TPD and Income Protection
Claiming on income protection insurance
When you experience a life changing injury or illness, the financial consequences can be crippling. As you come to terms with your condition, you and your loved ones can be burdened with the loss of income or employment. You may be entitled to make a claim for income protection benefits through your superannuation or under a standalone policy.
Total & permanent disablement insurance claim
If you are partially or totally disabled due to injury or illness, you may be entitled to make a claim. The entitlement may include a significant lump sum amount, payable under a policy. At Denning Insurance Law, we help clients with both income protection and TPD claims, to ensure that they get the maxim benefits payable under their policies.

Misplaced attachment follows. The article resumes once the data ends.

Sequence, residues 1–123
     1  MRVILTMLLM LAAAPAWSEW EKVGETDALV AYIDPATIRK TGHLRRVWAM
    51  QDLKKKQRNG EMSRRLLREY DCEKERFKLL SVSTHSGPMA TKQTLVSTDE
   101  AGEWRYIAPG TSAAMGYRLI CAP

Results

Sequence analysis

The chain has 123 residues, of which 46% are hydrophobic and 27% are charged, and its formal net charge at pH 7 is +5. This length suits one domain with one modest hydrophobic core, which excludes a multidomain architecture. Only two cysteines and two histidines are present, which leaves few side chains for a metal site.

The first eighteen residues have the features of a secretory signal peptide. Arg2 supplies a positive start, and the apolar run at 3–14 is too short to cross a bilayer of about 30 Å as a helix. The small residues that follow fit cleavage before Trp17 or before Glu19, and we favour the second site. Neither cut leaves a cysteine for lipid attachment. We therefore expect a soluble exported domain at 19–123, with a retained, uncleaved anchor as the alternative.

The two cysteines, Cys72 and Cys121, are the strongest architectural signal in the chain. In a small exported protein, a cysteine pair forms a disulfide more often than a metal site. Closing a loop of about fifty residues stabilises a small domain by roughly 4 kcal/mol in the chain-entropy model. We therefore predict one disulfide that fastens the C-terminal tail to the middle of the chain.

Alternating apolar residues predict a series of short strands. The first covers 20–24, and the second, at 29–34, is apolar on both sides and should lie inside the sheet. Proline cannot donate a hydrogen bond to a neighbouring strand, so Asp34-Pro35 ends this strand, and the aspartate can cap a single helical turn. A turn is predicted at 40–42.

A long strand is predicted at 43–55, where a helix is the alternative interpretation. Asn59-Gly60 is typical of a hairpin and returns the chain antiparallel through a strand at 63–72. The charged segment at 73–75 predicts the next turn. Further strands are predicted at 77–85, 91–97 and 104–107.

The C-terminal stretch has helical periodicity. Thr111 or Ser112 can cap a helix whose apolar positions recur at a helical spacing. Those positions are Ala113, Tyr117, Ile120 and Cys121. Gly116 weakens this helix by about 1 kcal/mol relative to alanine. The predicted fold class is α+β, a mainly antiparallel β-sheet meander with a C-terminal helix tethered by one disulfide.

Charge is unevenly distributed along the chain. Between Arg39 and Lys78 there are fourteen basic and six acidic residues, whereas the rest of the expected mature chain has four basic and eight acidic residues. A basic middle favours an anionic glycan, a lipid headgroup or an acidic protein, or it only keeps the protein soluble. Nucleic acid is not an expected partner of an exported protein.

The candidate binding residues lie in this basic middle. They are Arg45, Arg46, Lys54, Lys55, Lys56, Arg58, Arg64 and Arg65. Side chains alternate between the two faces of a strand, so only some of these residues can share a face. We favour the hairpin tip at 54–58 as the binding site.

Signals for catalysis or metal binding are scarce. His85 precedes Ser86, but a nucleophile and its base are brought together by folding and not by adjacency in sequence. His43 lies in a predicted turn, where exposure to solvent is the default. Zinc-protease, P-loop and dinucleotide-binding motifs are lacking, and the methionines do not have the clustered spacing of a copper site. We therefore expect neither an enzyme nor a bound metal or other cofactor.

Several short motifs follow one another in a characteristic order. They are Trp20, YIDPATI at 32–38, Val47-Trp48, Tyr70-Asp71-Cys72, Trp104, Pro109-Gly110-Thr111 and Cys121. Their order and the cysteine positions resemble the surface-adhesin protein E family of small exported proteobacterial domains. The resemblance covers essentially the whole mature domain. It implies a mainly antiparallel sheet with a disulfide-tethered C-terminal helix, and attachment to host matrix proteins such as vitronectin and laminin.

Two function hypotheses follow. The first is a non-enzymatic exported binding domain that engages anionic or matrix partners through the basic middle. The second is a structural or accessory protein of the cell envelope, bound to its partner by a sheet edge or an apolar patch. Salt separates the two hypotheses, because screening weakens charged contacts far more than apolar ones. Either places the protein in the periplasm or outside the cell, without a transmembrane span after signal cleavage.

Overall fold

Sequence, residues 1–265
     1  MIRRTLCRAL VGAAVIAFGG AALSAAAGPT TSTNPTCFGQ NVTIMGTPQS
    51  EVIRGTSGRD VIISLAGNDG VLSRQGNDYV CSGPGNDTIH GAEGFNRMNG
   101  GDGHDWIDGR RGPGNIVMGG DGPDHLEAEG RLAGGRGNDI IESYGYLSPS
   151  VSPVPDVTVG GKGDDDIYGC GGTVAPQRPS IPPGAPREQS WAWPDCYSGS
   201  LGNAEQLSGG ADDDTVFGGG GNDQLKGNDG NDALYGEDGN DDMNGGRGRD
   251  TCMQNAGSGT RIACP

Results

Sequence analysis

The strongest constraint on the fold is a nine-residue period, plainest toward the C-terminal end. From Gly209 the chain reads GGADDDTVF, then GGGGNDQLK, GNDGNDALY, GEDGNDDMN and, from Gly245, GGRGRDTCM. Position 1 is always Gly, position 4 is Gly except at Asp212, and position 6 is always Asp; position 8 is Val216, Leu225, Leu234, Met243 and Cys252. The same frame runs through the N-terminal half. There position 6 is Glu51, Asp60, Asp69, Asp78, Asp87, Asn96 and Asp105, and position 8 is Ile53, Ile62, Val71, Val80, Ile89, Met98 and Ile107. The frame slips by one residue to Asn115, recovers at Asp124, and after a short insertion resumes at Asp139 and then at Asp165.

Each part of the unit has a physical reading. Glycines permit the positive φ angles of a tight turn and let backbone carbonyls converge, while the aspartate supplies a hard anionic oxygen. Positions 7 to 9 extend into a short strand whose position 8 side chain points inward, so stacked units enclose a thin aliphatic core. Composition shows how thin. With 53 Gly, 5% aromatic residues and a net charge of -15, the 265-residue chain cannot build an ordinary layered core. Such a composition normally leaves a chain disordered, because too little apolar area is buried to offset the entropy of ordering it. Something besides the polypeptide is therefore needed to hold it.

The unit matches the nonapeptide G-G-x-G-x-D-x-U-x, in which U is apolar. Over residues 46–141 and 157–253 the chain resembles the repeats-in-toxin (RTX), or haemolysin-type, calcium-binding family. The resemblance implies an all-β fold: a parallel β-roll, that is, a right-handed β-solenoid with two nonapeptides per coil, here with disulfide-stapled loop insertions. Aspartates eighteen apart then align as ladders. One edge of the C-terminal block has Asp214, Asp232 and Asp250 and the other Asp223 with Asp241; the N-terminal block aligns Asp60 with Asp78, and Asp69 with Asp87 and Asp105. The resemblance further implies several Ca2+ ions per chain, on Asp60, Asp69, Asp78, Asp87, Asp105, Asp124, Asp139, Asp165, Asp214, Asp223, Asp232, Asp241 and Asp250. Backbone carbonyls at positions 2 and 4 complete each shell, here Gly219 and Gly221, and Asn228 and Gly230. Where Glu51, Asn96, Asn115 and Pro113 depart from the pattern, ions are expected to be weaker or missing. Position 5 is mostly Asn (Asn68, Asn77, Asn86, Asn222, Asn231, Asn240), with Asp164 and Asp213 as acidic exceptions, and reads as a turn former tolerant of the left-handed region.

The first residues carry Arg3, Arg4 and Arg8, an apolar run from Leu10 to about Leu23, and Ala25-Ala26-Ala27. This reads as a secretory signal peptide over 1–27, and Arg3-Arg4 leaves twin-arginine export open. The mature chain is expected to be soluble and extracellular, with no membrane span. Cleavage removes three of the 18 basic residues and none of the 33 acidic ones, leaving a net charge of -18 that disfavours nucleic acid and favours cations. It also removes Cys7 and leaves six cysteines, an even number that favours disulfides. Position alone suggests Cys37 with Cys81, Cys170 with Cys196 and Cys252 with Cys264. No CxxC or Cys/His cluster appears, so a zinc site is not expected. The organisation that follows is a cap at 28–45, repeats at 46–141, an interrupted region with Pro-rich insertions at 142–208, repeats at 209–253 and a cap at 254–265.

TPD and Income Protection Lawyers
Free Initial Consultation
For each TPD and income protection claim, we offer clients a free 30 minute telephone consultation. We can assess the issues of concern to you and let you know the best next steps without any obligation on your part.
Our Frequently Asked Questions for TPD and Income Protection
TPD insurance, or Total and Permanent Disability Insurance, is designed to pay the Insured a lump sum payment if the Insured is unable to perform his/her occupation due to an illness or injury.
The types of illnesses and injuries which trigger a TP policy are defined in the TPD policy. They may include:
- Back injury
- Post-Traumatic Stress Disorder
- Motor Neurone Disease
- Multiple Sclerosis
- Muscular Dystrophy
The definition of “total and permanent disability” depends on the actual policy wording purchased by the Insured. Therefore, please carefully consider the definition before purchasing the policy.